Mind-chatter exercise


Creativity & Personal Mastery has started again. This week’s exercise is to record our mind-chatter throughout the day. It is a very powerful reminder of how unproductive our thoughts can be. The objective is not to get rid of the mind-chatter, just to observe it.

A brilliant example of how useless mind-chatter can be:

I purchased a power-cord for my computer, paid in cash, didn’t ask for a receipt, and when I returned home and plugged it in, I discovered it was a dud.

My mind chatter began exploring the scenario of returning the item, and soon it was worrying about potential problems from not having a receipt. I actually started to feel angry at these mythical future attendants for refusing my request without a receipt – and worse, kept repeating the story in my head.

And continued repeating it for about 2-3 days… until I had a chance to return to the store. Of course, they exchanged it without any questions, leaving me to question why I had created all this completely useless mind-chatter to begin with.


  • Follow-up idea #3: Use the mind-chatter exercise to notice when you are repeatedly worrying about stupid things. Especially things that aren’t likely to happen in the future that won’t impact your life if they did.
  • Reminder #1: If you won’t remember it in a year, it is not that important.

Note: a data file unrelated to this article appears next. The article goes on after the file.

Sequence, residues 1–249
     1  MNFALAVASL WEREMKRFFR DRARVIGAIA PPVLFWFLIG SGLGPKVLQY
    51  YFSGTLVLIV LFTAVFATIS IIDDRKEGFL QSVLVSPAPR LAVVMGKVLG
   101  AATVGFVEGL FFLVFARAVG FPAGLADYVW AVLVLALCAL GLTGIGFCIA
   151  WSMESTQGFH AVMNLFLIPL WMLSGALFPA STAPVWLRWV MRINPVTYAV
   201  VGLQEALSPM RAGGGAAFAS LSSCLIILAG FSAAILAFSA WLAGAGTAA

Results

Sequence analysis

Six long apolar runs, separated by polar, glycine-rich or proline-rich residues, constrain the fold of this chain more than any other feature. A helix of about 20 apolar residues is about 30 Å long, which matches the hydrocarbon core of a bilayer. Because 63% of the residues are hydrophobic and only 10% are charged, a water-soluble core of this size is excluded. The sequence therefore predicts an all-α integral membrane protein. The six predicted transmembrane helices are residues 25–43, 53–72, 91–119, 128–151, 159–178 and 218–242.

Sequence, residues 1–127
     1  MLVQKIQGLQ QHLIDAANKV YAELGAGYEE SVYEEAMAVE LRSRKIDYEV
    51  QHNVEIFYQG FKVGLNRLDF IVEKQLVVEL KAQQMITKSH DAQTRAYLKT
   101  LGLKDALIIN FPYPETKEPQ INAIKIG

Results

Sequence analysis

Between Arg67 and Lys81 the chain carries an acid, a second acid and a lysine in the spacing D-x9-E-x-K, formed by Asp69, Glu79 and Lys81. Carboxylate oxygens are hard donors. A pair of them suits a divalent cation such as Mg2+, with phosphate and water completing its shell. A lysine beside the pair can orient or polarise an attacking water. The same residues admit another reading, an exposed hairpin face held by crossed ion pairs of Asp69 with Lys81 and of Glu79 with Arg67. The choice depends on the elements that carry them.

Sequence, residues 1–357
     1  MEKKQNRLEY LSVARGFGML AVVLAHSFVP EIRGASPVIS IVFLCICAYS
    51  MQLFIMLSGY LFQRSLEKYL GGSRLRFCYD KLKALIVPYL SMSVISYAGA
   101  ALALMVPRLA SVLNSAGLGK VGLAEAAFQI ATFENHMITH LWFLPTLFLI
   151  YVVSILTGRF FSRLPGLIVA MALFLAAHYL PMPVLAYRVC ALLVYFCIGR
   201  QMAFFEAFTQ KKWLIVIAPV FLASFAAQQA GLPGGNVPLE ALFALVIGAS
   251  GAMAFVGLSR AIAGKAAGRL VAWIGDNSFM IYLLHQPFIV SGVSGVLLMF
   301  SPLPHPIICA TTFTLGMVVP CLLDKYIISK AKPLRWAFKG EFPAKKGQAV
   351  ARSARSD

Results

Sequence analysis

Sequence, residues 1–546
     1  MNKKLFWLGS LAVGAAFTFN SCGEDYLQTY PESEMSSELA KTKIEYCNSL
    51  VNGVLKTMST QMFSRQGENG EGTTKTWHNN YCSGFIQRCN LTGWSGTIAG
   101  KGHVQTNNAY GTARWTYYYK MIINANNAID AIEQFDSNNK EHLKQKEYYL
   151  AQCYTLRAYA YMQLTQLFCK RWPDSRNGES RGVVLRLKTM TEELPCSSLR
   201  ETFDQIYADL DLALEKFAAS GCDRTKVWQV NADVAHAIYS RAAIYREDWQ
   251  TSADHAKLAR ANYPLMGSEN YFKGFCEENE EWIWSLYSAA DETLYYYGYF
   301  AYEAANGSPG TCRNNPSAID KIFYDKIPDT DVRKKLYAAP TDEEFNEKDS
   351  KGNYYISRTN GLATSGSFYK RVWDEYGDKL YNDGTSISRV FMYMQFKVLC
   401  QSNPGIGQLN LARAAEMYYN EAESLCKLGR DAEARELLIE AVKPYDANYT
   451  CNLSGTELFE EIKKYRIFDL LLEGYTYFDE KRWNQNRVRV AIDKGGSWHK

• Usability tip #6: Observing is just that – watching the thought, noticing the sensations, and accepting what is there without trying to change it. I find this difficult, as if I have a built in habit to try and fix what I don’t like. Unfortunately this just creates tension rather then to dissolve the undesirable state.

Creativity and meditation


Wikipedia’s defines creativity as a mental process involving the generation of new ideas or concepts, or new associations between existing ideas or concepts. (Which, by the way, is much better than Merriam-Webster’s attempt, defining creativity as “the quality of being creative”. In Britain that is called sarcasm.)

But where does creativity come from? I am most creative when my mind is calm and not overwhelmed with thoughts, anxiety or other excessive mind-chatter… usually when I am meditating or engaged in another mindful activity, such as jogging or taking a shower. The creative inspiration appears to flow out of this stillness.

Mindfulness and observing thoughts

open head